On 29th August 1949, the first Russian nuclear bomb was detonated at the testing site. It was called “First Lightning” or “RDS-1” by the Russians, but the Americans refer to it as Joe-1, a reference to Joseph Stalin. The success of this test made the Soviet Union the second nation (after the US) to successfully develop and detonate a nuclear bomb. This success inspired better research, which ultimately culminated in the manufacture of Joe-4, a thermonuclear weapon produced by the Soviet Union.

This was tested successfully on 12th August 1953. Its detonation released an energy of 1,700TJ, which is equivalent to the detonation of 400 kilotons of TNT. Over the course of the next 4 decades (1949-1989), many more such tests were carried out, above ground as well as underground. Of the total 456 detonations, approximately 340 were underground explosions, while 116 were atmospheric explosions that resulted in the formation of the characteristic mushroom clouds.

This extensive testing caused the area to be highly saturated with nuclear radiation, causing it to become the world’s worst radiation hotspot. What makes this worse, is that the area was never completely inhabited, but possessed populations of rural citizens. Also, according to some recently declassified documents, the site was purposefully used as a site for not only testing nuclear weapons, but also testing the effect of the detonations on buildings, infrastructure, and people. Due to the events of Hiroshima and Nagasaki, the Russian researchers were interested to investigate the effects of radiation exposure on humans. In addition to this inhuman research, if the citizens sought treatment, they were merely subjected to biological tests, and prescribed mild medications that could offer some relief but would not treat the actual condition. Meticulous reports were made of each individual and used for analysis.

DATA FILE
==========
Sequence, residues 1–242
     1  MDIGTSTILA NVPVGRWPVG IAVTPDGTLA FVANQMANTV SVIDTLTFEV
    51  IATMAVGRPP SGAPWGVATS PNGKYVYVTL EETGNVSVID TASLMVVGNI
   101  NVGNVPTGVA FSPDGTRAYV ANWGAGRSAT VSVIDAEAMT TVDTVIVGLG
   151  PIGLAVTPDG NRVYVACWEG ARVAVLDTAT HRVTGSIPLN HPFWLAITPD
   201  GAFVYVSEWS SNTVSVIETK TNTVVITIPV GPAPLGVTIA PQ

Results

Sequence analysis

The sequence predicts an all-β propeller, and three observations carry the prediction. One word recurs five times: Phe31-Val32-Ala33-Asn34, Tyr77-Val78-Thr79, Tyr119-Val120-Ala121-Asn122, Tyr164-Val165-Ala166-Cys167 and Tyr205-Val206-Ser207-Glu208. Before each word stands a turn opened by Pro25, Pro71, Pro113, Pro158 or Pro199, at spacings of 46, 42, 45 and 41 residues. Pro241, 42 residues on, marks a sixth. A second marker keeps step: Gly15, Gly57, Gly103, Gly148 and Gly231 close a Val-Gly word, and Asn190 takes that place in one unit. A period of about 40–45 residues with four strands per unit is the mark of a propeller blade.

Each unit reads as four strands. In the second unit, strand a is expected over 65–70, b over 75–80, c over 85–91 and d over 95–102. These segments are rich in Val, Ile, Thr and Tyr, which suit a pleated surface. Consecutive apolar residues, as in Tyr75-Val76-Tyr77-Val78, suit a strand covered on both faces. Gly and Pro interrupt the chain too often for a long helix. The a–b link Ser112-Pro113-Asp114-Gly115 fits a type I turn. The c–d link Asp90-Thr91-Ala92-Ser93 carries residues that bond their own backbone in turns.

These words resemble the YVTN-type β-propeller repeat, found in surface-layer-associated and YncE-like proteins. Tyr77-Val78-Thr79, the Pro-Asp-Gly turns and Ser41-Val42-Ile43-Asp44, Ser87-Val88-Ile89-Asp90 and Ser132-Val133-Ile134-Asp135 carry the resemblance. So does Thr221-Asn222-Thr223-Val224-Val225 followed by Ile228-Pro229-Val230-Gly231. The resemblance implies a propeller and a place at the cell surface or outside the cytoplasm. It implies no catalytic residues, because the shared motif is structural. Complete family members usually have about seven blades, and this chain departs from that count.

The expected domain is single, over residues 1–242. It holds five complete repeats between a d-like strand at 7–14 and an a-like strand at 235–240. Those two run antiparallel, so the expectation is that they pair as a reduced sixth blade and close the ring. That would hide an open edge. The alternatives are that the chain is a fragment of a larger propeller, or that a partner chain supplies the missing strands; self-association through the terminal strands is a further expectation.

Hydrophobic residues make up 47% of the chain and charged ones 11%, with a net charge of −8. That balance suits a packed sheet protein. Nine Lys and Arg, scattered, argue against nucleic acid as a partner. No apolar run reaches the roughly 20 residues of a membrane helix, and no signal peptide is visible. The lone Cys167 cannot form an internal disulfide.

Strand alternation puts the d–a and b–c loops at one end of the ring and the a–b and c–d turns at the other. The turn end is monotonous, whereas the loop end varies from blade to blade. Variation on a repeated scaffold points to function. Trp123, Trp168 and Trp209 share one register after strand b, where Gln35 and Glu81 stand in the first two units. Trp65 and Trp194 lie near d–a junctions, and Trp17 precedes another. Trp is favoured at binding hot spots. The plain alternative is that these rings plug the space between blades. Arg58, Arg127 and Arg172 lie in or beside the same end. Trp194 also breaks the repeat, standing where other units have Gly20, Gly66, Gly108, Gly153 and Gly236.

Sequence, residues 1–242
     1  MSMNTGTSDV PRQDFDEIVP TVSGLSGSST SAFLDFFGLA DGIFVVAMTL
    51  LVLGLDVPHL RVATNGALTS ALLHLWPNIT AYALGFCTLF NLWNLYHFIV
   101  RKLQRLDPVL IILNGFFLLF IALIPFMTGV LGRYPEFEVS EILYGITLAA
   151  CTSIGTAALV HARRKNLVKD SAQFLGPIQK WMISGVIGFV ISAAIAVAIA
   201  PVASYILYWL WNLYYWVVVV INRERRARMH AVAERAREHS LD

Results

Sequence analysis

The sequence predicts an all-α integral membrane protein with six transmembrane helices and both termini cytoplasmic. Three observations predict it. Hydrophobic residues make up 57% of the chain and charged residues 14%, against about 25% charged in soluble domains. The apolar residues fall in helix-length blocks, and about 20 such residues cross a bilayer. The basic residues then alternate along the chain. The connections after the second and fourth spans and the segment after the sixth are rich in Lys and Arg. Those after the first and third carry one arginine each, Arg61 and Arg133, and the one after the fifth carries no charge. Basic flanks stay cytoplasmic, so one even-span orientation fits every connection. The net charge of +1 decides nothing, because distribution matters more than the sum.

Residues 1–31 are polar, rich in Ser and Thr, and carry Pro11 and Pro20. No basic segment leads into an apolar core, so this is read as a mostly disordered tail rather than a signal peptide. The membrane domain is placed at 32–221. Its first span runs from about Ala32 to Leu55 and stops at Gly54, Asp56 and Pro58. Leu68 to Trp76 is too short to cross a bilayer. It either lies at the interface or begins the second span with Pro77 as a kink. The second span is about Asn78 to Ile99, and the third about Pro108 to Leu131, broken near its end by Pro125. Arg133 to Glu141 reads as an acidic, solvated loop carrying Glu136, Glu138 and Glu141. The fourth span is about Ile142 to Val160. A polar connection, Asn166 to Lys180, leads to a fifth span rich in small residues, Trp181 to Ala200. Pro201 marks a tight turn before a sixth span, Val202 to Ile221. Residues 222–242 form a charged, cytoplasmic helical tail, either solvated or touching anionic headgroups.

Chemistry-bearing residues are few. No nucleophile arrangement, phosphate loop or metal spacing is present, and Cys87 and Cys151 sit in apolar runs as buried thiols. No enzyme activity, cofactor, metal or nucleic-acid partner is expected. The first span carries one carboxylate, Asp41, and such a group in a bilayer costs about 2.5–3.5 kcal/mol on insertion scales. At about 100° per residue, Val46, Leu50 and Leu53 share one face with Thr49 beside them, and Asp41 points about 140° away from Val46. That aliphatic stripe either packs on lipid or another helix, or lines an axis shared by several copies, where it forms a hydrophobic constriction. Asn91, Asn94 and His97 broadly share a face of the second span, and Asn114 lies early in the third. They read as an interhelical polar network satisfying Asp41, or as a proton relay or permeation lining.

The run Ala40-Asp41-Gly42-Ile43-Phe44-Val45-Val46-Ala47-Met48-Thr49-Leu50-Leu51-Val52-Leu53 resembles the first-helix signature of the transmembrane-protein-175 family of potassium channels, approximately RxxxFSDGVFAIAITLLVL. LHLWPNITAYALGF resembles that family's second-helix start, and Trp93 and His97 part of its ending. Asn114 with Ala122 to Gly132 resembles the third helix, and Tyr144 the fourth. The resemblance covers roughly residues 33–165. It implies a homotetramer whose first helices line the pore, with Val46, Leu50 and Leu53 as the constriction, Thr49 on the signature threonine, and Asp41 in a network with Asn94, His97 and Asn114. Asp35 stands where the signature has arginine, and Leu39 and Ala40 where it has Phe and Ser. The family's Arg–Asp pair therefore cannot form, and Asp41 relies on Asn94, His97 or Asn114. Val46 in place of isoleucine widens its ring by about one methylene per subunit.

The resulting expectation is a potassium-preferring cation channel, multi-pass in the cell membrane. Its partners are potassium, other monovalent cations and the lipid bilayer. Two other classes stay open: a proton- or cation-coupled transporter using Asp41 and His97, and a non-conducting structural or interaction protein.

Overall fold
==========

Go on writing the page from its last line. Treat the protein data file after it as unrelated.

Impact of Nuclear Testing

On the Environment


The soil, air, and land of the area remain highly radioactive, and experience radiation that is 10-20 times higher than normal. The accumulation of radioactive polonium over the 40 years of testing has rendered the top-soil of the area completely contaminated. The atmospheric explosions (specially those followed by rainfall) acted to spread the radioactivity over a vast distance. All flora and fauna in this region was affected, and hence led to the desertification of the area.

Similar effects were observed due to underground detonations. The underground blasts irradiated all ecological microfauna and helped in accelerating desertification, causing the area to be a vast barren expanse of contaminated soil and air.


The most prominent effect was seen in the form of the lake created due to the underground nuclear explosion on 15th January 1965. The bomb was equivalent to 140,000 tons of TNT, and caused the formation of a crater that was 408 m wide and 100 m deep. The radioactivity was so intense that it could be detected as far as Japan. The crater that was formed led to the creation of lake Chagan, also known as the “Atomic Lake”.

Its water source is the Chagan river, and it has a volume of 100,000 m3. It is highly radioactive and has an extremely high concentration of tritium and other radionuclides. The intense radioactivity causes the lake water to be non-viable, and hence, no living organism can be seen living in this water body.